La Cañada keeps its balance despite state financial climate

It has been nearly 20 years since La Cañada Flintridge has operated in the red, and Mayor Steve Del Guercio said one of the biggest challenges in fashioning a $10.9-million city budget for 2012-13 is the financially troubled state of California.

“The state of California, despite laws that say [legislators] won’t pass unfunded mandates along to cities, has continued to create regulations that put burdens on the city,” Del Guercio said last week after the city adopted its budget for 2012-13.

The city budget sets aside $120,000 for state-mandated debris basin retrofitting and $100,000 for monitoring sidewalk safety.

“Whether it’s catch basins or doing make-work-type things, making lists of storm drains and these kinds of things … these rules make us spend money on things that are not necessarily effective on a local basis,” Del Guercio said. “I would have liked to repave more roads.”

Staffers told the council it should spend nearly $2.2 million on street resurfacing next year to meet the goal of completing upgrades by 2015, but the council set aside only $690,000.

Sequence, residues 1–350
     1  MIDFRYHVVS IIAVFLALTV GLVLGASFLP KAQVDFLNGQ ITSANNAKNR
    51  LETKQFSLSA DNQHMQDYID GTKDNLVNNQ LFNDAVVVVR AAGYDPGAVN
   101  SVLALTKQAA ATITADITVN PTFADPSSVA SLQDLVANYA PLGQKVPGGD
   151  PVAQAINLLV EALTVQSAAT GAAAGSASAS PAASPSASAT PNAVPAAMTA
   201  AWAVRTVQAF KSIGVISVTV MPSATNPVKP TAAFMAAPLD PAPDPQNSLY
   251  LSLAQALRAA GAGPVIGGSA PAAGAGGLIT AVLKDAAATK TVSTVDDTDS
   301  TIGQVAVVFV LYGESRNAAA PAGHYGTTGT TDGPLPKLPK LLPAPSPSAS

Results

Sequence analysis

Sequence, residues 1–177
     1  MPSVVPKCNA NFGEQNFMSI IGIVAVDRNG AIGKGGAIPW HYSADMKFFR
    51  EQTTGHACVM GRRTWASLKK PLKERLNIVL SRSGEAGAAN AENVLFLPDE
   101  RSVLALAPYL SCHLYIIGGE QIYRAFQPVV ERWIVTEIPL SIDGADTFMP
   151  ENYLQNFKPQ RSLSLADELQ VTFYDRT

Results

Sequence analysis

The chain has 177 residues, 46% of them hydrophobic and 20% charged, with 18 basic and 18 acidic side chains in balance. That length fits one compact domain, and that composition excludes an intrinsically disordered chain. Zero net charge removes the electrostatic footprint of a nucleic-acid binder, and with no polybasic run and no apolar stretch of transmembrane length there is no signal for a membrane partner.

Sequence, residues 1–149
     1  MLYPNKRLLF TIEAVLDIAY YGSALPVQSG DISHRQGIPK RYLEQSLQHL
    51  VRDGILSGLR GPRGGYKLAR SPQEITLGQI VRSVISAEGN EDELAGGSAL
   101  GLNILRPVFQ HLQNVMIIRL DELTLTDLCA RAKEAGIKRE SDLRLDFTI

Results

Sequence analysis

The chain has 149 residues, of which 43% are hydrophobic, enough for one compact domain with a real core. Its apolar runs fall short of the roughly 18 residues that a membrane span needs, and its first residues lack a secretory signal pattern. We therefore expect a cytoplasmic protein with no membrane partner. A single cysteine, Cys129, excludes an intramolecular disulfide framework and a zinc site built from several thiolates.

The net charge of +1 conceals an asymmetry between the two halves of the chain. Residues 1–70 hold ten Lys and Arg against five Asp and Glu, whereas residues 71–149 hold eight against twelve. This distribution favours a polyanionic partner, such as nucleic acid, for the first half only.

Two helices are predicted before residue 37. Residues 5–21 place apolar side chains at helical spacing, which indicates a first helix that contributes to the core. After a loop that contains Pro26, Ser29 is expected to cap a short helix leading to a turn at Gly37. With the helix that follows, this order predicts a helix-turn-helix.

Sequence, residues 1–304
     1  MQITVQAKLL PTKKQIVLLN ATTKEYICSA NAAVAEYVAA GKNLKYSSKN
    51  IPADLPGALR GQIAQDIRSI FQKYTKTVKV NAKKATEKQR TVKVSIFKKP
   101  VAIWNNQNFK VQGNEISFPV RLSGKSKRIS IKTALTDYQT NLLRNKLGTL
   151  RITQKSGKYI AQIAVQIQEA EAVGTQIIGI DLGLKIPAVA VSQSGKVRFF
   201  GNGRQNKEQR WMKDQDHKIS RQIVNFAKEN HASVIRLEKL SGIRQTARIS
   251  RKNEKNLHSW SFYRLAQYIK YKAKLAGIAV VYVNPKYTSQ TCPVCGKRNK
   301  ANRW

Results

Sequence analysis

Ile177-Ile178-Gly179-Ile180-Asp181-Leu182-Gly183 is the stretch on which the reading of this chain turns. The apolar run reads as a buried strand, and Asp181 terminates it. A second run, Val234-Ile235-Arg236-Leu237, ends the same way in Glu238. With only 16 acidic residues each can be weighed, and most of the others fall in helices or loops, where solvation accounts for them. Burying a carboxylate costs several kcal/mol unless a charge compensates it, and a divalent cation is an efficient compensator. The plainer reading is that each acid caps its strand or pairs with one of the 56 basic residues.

City Engineer Ying Kwan said that figure will cover two miles of pavement.

“Whatever money we get, we’ll do our part to spend it,” Kwan said. “If we get more, then more streets get resurfaced.”

The council, which last saw expenditures top revenues in 1994, anticipates taking in roughly $11.8 million next fiscal year. In final budget meetings last week it boosted spending on capital projects — such as the street paving, making improvements to the Ultimate Destination overlook in Cherry Canyon and repairing Woodleigh Lane between Berkshire Avenue and Foothill Boulevard — by $332,000 to nearly $900,000.

The additional funds came from rosier predictions on sales tax and permit revenues, as well as transfers from the property acquisition and general funds.

“The staff felt after looking at these things that we could adjust those numbers up a little bit,” Del Guercio said. “The staff are very conservative; they generally never miss on the wrong side of it.”

Several community groups requested and received money from the city. The Community Center of La Cañada Flintridge was given $25,000, and the YMCA of the Foothills received all of the $29,000 it requested. The Lanterman House Foundation received $91,700, and the La Cañada Flintridge Chamber of Commerce received $100,000. Other groups such as the La Cañada Flintridge Tournament of Roses Assn. and La Cañada Valley Beautiful received $12,000 or less.

“The good news is we were able to fund all of our community groups that came in and asked for money,” Del Guercio said.

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